Thursday, August 28, 2008

bourbon peach hand pies

bourbon peach hand pies

Over a year ago, I made hand pies and declared them a delicious disaster. The pie dough wasn’t bendy enough to suit what I had in mind, and they too easily leaked and broke, but that had no effect on the final taste. Nevertheless, I promised to try them again soon, with one of three dough recipes I had in mind that would work better.

peeling peaches

But that wasn’t the only reason. You see the hand pies? They GOT STOLEN before my friends got to eating them. I mean, who could blame the thieves, right? In fact, we knew exactly who they were and they have yet to be invited back. We take pie theft quite seriously, you see.

finely chopped fruitblurry bourbonchilled crustsspooning the filling

It was my friend Tim that had specifically requested pie, and I had the idea of hand pies to make them finger food, as there would be many people at the party and who wants to deal with plates and forks? Except, he was busy DJing so I stashed them downstairs in Jocelyn’s loft, away from prying eyes–or so I thought! When I got to retrieving them an hour later, both containers–more than 40 hand pies–were empty and crumbs-around-the-mouth guilty parties milling about were going on about how good they were.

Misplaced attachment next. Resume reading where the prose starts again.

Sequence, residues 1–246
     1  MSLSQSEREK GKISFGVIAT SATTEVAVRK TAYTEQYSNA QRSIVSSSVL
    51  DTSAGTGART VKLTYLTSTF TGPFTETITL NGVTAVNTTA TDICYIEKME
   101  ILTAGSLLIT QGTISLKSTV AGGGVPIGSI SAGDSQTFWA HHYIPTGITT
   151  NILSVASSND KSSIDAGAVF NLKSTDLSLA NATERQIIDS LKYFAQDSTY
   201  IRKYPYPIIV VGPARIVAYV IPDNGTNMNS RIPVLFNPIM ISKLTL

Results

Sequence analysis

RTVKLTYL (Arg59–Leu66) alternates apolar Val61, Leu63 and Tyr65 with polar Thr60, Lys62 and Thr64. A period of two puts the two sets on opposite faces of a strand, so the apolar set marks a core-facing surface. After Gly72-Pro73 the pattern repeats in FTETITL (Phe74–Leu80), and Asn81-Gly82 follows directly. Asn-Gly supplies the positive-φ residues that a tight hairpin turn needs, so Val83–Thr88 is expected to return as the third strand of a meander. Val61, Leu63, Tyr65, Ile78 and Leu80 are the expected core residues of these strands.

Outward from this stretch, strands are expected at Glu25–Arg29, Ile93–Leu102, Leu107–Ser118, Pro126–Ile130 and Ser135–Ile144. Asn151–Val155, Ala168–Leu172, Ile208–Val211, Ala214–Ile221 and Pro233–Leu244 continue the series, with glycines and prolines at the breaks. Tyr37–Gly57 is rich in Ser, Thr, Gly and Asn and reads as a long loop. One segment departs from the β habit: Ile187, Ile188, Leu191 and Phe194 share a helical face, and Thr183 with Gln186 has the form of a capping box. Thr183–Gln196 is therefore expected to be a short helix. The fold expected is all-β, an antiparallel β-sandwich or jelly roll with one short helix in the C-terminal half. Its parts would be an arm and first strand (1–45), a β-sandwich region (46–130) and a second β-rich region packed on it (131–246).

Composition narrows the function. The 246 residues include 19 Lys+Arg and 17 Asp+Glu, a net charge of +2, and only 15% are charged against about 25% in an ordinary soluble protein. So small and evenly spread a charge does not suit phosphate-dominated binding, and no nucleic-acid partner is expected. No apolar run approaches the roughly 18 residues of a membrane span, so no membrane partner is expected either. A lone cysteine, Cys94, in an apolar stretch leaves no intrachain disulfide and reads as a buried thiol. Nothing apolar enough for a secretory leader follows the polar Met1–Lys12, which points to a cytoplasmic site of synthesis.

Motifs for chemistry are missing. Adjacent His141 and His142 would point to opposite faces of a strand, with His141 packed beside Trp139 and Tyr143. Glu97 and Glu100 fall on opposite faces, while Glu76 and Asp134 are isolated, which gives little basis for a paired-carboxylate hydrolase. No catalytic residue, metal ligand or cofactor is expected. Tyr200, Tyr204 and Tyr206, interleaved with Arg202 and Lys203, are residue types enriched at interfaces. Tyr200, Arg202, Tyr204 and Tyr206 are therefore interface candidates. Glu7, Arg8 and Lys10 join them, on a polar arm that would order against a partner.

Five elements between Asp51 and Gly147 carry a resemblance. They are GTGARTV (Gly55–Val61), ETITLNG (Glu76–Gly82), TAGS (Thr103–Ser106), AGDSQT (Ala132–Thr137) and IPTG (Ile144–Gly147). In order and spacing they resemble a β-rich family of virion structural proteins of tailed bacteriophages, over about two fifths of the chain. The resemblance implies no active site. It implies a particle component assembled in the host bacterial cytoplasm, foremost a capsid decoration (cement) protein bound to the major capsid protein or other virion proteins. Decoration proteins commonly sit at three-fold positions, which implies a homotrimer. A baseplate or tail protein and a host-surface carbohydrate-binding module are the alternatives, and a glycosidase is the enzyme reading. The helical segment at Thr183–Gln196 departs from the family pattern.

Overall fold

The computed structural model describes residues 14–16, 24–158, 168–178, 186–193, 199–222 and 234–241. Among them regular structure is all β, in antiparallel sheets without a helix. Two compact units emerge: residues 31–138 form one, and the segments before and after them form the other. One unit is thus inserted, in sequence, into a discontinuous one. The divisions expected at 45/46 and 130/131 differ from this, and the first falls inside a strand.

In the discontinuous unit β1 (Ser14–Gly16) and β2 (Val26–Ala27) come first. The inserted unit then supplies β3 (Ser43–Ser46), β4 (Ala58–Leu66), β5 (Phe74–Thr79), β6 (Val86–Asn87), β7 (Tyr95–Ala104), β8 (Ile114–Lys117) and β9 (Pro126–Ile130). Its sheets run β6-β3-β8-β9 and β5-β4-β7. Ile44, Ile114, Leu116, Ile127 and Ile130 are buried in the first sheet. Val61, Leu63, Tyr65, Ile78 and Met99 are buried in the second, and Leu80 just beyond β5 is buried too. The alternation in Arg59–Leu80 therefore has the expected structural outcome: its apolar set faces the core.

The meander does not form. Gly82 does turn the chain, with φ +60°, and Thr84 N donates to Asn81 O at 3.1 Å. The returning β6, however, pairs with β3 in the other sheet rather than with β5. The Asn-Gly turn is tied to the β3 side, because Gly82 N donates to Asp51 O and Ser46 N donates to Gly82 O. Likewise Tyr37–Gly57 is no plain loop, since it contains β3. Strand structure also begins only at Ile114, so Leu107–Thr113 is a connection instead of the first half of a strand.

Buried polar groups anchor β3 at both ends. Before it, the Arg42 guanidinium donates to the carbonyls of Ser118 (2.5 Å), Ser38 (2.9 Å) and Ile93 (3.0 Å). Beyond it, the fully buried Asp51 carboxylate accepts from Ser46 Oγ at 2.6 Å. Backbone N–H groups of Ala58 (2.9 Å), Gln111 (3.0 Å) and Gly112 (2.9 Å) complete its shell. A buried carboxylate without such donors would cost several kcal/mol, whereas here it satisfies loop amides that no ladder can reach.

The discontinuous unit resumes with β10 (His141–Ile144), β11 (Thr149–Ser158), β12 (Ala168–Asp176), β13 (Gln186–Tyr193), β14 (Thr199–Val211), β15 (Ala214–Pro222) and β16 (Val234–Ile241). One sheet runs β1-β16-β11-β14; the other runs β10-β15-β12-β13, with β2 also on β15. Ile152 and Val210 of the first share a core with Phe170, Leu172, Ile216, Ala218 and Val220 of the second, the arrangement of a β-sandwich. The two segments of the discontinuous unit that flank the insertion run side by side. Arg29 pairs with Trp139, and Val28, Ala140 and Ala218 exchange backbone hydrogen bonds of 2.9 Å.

The nerve.

fold the dough over the fillingcrimp the edges with a forkmake a ventbrush with glaze

Flash forward a year, and Tim has never forgotten his stolen hand pies. So, in the honor of a final barbecue for him this past weekend–he’s fleeing for Los Angeles, you see–I made some more. And although I technically have two more recipes I want to try before I call this a victorious recipe, well, it is. It’s perfect. The dough is stretchy and tender, never breaks or leaks in the oven. The end result is so puffy and flaky, it’s practically a laminated dough.

cooling hand pies

And it is exactly what you should make this weekend, portable pies with peaches or whichever stone fruit get you daydreaming of a place where summer never, ever ends. That’s what I’ll be doing at least, but from the North Carolina mountains. I can’t wait!

testing

One year ago: White bean roasted red pepper dip

Peach Hand Pies

There’s a bit of fussing with this recipe–chill, then cut, then chill, then roll, then chill, then fill, then chill again–but trust me when I say it is worth it. There’s a reason this is one of my favorite pastry doughs, because it never fails. Sure, you might be able to skip a chill or two, but the dough will be more difficult to work with and is less likely to keep its lovely shape while baked.

The dough is adapted from my favorite galette dough in the entire world. The bourbon peach was purely inspired, if I do say so myself.

Makes 14 to 24 (depending on cutter size)

For the pastry:
2 1/2 cups all-purpose flour
1/2 tsp. salt
16 tablespoons (2 sticks, 8 ounces) unsalted butter, cut into
pieces
1/2 cup sour cream
4 teaspoons fresh lemon juice
1/2 cup ice water

For the filling:
2 pounds of peaches